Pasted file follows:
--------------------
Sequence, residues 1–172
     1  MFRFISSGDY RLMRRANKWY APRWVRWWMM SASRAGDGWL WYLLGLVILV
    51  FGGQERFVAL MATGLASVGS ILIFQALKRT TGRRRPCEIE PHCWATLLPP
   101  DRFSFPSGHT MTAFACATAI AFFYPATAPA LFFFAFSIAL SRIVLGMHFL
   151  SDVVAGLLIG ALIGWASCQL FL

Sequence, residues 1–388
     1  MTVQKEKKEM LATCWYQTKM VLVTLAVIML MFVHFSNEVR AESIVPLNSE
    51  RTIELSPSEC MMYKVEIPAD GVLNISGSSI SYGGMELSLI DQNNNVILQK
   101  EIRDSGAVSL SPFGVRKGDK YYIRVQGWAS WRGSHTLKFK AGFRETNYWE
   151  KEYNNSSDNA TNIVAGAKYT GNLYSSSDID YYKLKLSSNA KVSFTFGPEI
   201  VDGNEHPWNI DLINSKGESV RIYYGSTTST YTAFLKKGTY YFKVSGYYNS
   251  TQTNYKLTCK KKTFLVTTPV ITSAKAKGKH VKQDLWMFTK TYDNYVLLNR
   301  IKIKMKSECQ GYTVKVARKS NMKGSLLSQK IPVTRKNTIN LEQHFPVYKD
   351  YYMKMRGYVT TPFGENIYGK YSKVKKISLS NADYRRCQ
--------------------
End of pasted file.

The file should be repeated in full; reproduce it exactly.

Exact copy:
Sequence, residues 1–172
     1  MFRFISSGDY RLMRRANKWY APRWVRWWMM SASRAGDGWL WYLLGLVILV
    51  FGGQERFVAL MATGLASVGS ILIFQALKRT TGRRRPCEIE PHCWATLLPP
   101  DRFSFPSGHT MTAFACATAI AFFYPATAPA LFFFAFSIAL SRIVLGMHFL
   151  SDVVAGLLIG ALIGWASCQL FL

Sequence, residues 1–388
     1  MTVQKEKKEM LATCWYQTKM VLVTLAVIML MFVHFSNEVR AESIVPLNSE
    51  RTIELSPSEC MMYKVEIPAD GVLNISGSSI SYGGMELSLI DQNNNVILQK
   101  EIRDSGAVSL SPFGVRKGDK YYIRVQGWAS WRGSHTLKFK AGFRETNYWE
   151  KEYNNSSDNA TNIVAGAKYT GNLYSSSDID YYKLKLSSNA KVSFTFGPEI
   201  VDGNEHPWNI DLINSKGESV RIYYGSTTST YTAFLKKGTY YFKVSGYYNS
   251  TQTNYKLTCK KKTFLVTTPV ITSAKAKGKH VKQDLWMFTK TYDNYVLLNR
   301  IKIKMKSECQ GYTVKVARKS NMKGSLLSQK IPVTRKNTIN LEQHFPVYKD
   351  YYMKMRGYVT TPFGENIYGK YSKVKKISLS NADYRRCQ